Mid-October is going to be crazy around here, so I launched into my back-tack 2 project this week. There will be several parts to the bag and the kit that I'm putting together, but the first (and biggest) part deserves its own post.
Inspired by Africankelli (who's making an Amy Butler bag), I bought the Amy Butler Rural Messenger Bag to use for the main part of the project. I bought the pattern from the Fat Quarter Shop and the fabrics from JCaroline Creative. I placed the orders on a Saturday night; both arrived on Tuesday morning. Awesome!
The outside of the messenger bag is brown cotton duck (a nice sturdy canvas,) the inside is a lime green Michael Miller Hypnosis print. I didn't bother to use any interfacing this time around, but when I make the bag again, I'll add some to the lining. I find with most bags the lining turns out kind of shloompy, not crisp like I'd prefer. After fiddling around and a whack of seam ripping, I top stitched in lime green by doubling my top needle thread. For closures I left out the Velcro and used heavy duty snaps instead. I know as a knitter that I don't like to use Velcro in a bag that may later house yarn.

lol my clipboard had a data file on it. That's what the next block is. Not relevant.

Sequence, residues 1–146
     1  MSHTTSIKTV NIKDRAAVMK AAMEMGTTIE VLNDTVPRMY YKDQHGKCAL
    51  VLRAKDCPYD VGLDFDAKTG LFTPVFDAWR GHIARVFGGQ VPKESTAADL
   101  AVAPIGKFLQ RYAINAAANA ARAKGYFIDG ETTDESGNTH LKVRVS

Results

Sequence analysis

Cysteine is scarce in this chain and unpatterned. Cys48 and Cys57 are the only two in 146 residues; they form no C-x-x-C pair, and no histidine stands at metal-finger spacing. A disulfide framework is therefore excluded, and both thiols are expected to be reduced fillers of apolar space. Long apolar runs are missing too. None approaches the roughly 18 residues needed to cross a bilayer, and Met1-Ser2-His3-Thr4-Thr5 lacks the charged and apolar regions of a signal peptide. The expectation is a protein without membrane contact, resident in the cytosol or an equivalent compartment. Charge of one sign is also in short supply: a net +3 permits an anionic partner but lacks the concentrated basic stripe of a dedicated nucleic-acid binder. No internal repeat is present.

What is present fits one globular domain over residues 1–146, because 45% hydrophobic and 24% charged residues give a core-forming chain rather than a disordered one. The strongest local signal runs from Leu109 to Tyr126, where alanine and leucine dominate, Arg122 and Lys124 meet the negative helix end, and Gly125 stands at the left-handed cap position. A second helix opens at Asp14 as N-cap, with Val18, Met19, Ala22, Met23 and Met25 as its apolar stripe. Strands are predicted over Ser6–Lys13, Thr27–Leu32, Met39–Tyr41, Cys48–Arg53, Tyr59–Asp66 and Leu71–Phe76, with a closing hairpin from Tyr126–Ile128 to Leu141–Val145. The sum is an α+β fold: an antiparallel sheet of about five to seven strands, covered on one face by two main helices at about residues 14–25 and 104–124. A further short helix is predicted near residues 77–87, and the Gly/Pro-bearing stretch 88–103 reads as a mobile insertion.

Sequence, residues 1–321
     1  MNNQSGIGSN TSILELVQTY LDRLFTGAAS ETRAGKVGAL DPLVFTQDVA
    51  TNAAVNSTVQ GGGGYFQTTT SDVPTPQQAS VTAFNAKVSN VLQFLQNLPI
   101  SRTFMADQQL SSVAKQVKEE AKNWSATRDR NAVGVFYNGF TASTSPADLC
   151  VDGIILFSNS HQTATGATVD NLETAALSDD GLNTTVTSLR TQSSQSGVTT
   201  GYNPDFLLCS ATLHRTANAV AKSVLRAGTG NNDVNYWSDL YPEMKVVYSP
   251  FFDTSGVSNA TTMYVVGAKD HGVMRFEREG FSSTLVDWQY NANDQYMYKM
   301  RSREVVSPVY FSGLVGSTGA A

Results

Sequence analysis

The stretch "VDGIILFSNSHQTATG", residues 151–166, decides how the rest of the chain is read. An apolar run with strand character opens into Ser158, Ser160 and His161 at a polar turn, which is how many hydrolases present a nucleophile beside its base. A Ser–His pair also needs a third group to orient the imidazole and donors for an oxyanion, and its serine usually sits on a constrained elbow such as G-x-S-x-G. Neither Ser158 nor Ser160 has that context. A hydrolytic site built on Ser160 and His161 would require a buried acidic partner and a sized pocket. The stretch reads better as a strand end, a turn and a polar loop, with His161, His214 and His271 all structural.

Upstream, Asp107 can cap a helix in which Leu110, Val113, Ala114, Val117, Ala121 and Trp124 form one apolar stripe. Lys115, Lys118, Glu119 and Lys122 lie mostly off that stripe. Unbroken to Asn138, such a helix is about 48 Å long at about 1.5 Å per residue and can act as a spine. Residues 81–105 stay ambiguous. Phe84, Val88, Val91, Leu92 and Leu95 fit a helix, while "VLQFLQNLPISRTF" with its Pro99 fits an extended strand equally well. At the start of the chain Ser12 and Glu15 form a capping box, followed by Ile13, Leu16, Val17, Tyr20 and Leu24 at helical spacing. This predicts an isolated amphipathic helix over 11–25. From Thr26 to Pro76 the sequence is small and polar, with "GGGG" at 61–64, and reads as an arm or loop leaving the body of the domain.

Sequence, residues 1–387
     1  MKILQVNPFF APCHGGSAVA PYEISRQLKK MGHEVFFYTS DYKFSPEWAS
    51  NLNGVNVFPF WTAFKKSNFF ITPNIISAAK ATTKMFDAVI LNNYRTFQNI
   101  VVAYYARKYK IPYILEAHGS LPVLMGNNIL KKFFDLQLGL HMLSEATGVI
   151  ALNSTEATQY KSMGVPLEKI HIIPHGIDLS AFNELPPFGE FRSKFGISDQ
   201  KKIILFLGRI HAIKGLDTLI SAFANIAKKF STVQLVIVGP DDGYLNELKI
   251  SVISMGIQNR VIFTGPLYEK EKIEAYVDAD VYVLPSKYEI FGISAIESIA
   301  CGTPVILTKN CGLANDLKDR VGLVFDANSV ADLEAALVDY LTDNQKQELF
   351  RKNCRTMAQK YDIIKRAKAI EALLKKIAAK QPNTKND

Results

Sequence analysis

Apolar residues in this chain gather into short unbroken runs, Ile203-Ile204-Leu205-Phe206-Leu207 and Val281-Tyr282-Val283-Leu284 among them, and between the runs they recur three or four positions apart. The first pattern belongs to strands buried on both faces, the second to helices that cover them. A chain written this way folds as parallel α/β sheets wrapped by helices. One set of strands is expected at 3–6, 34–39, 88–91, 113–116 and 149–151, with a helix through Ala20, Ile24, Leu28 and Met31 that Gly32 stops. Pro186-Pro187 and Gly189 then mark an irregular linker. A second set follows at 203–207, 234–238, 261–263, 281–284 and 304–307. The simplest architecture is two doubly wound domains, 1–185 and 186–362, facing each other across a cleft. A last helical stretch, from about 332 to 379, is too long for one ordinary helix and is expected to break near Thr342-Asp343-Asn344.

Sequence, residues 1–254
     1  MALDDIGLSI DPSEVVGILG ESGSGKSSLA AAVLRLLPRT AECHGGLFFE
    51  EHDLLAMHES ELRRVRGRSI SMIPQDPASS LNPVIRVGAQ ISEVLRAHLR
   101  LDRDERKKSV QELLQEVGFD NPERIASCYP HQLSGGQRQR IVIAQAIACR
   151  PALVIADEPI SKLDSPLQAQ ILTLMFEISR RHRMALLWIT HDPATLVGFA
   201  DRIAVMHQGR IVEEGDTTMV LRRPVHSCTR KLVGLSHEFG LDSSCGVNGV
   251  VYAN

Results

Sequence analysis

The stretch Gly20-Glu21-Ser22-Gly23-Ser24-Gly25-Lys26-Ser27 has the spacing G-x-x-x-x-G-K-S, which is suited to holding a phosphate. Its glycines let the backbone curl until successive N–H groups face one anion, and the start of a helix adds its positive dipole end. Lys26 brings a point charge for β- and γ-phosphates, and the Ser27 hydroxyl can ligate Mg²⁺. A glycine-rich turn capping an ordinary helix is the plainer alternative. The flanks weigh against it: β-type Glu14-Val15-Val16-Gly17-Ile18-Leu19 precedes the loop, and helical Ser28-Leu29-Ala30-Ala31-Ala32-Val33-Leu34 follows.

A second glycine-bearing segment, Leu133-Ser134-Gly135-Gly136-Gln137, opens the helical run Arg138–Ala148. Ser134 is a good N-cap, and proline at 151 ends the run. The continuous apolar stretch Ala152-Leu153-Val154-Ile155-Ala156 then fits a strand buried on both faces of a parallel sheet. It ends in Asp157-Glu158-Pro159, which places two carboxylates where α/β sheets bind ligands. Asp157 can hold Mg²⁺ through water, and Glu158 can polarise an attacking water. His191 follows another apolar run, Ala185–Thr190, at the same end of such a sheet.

I love the final product (I hope my back-tack partner will too), but I am going to rip on the pattern a little. Look away if you're Amy Butler devout.
I love Amy Butler's work. She has beautiful designs, beautiful fabrics, and beautiful colour choices. I balked at the price tag at first ($12ish) but after shopping around, I found it's priced close to the same all over. I'm used to patterns priced that high, but I'm certain I've never paid that much. You know how it is, you pop into the fabric store and they're running a 50% off sale. The local Hancock Fabrics even has permanent 50% off stickers on all the pattern drawers, so it's been a while since I've paid full price.
When I pay this much my expectations are higher. I expect professionally drawn schematics and pieces, not photocopied sharpie versions. Only half of the pieces were included (and the back pocket piece is wonky at that), the other half were given as measurements to figure out on your own. Being a quilter, I have rulers and rotary cutting tools that take all the guesswork out, but I'd hate to have to wing it on my own as a new sewer. The handwritten notes alongside the teeny schematics just added to the challenge. Maybe it's supposed to be part of the "rural charm" but it doesn't get my vote.
I’m not a hater, I'll make this bag again, but I have issues with this pattern. I plan to send a letter to Art of the Midwest, but given my previous experience with pattern complaints, I don't have high hopes.